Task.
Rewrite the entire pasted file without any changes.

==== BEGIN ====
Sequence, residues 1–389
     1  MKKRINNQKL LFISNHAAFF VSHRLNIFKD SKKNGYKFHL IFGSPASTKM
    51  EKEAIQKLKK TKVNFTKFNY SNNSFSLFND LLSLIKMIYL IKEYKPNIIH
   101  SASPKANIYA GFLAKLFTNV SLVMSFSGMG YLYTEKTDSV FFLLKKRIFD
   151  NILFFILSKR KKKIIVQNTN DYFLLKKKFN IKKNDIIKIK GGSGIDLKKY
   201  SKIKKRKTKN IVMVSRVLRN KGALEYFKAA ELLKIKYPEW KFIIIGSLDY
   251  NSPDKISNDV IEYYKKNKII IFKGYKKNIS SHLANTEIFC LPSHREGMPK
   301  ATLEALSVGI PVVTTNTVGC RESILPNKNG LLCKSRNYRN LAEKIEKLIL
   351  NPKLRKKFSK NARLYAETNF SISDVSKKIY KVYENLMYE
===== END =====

Sequence, residues 1–389
     1  MKKRINNQKL LFISNHAAFF VSHRLNIFKD SKKNGYKFHL IFGSPASTKM
    51  EKEAIQKLKK TKVNFTKFNY SNNSFSLFND LLSLIKMIYL IKEYKPNIIH
   101  SASPKANIYA GFLAKLFTNV SLVMSFSGMG YLYTEKTDSV FFLLKKRIFD
   151  NILFFILSKR KKKIIVQNTN DYFLLKKKFN IKKNDIIKIK GGSGIDLKKY
   201  SKIKKRKTKN IVMVSRVLRN KGALEYFKAA ELLKIKYPEW KFIIIGSLDY
   251  NSPDKISNDV IEYYKKNKII IFKGYKKNIS SHLANTEIFC LPSHREGMPK
   301  ATLEALSVGI PVVTTNTVGC RESILPNKNG LLCKSRNYRN LAEKIEKLIL
   351  NPKLRKKFSK NARLYAETNF SISDVSKKIY KVYENLMYE